Sponsored by CEDR and with the support of College of Law, London
Key 2016 Dates
Application deadline: Monday 18 January 2016
Saturday 13 February 2016
London The International Dispute Resolution Centre, 70 Fleet Street, London EC4Y 1EU, 11:30am-6:00pm (Registration from 11am)
Saturday 20 February 2016
Bristol, The University of Law, Bristol, Temple Circus House, Temple Way, Bristol BS1 6HG, 12:00pm-5:30pm
Chester, The University of Law Chester, Christleton Hall, Pepper Street, Christleton, Chester, CH3 7AB, 12:00pm-5:30pm.
Leeds, The University of Law Leeds, 15-16 Park Row, Leeds, LS1 5HD, 12:00pm-5:30pm
Training Day for National Finalists: Saturday 5 March 2016. The Centre for Effective Dispute Resolution, London
National Final: Saturday 19 March 2016, The University of Kent
How to enter the Competition
All universities are invited to enter the National Student Negotiation Competition. Universities may submit up to two teams (of two competitors each) for the competition. Applications may only be made by Universities or Law Schools and will not be accepted from Student Societies or individual students.
The 2016 application form is available here (National Student Negotiation Competition 2016) and applications will need to be received by Monday 18 January 2016.
The Competition will follow the below format:
Each institution is allowed to submit up to two teams (each with two members). It is up to each individual institution to decide how these teams are selected and many Universities carry out their own internal selections. Competitors can be any student studying for an undergraduate or graduate qualification in England and Wales or a legal professional qualification. Entries must be received along with the requisite entry fee (£75 per team) by 18 January 2016.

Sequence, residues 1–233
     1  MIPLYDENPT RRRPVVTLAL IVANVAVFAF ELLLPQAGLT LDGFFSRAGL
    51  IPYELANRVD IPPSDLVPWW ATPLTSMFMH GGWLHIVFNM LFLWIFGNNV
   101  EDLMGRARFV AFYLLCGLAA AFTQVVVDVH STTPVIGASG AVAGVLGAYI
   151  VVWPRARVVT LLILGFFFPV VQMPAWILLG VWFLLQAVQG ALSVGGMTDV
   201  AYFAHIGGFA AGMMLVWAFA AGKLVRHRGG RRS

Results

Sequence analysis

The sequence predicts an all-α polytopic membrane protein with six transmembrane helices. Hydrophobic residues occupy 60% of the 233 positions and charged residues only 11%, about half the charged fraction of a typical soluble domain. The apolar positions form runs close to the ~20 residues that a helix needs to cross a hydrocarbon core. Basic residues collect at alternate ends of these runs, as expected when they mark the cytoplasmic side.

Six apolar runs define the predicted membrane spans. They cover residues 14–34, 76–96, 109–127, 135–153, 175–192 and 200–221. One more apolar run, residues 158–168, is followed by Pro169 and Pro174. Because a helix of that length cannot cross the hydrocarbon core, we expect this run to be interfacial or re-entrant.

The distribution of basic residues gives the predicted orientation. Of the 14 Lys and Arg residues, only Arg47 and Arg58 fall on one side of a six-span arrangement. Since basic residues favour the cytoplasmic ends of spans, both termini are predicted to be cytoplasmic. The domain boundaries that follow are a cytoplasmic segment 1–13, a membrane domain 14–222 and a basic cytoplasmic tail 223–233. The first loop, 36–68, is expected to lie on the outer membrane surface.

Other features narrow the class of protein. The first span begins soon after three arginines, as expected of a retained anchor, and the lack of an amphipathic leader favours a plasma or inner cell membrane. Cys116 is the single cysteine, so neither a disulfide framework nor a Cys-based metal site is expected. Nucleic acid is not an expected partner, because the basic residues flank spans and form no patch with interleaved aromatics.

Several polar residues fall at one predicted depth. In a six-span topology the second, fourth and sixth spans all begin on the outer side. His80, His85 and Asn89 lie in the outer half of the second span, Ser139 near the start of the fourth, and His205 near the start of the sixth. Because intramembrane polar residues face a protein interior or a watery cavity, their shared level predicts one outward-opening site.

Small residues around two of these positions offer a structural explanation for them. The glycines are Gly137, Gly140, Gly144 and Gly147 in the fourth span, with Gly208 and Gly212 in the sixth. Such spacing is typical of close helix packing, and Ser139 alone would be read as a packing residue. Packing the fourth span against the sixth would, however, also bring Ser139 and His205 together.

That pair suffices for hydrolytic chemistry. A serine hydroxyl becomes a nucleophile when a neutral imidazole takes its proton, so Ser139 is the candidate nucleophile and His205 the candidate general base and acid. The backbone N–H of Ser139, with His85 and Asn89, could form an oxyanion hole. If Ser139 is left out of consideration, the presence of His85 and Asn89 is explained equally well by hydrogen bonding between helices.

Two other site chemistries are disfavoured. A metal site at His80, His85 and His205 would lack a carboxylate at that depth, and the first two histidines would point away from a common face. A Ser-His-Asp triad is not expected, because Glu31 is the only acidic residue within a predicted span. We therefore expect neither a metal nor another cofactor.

- A number of regional heats will be held around the country on Saturdays, 13 and 20 February 2016. These heats consist of two rounds of a two-way negotiation. Please note: Teams will compete in only one regional heat. For those who are not familiar with the format of the day, I attach a copy of the schedule and one of the scenarios from a previous year.
- For the 12 teams who win through from the regionals, there will be a professional negotiation skills training day delivered by two of CEDR’s Negotiation faculty, hosted at CEDR's offices in London, on Saturday 5 March.
- The national final will be held on Saturday 19 March, and will be hosted in Canterbury by the University of Kent, who won last year. The Final consists of three rounds of negotiation. The Finals day concludes with an awards dinner which includes announcement of the national winner who is then eligible to go forward to represent England and Wales in the International Competition in July.
The Negotiation Competition provides an opportunity for law students to practise and improve their negotiation skills. The competition involves students in teams of two going head to head to measure their negotiation skills. The competition, now in its fifteenth year, is designed to foster the skills of negotiation in the next generation of lawyers.
The competition also offers:
- Certificate of participation for all students entering the competition
- A free one-day advanced negotiation skills seminar, provided by the Centre for Effective Dispute Resolution (CEDR), for all students who qualify for the national finals
- Cash prizes for the winners in the national finals
- A travel grant to enable the national winners to represent England and Wales in the International Negotiation Competition
The Competition is open to all law schools in England and Wales.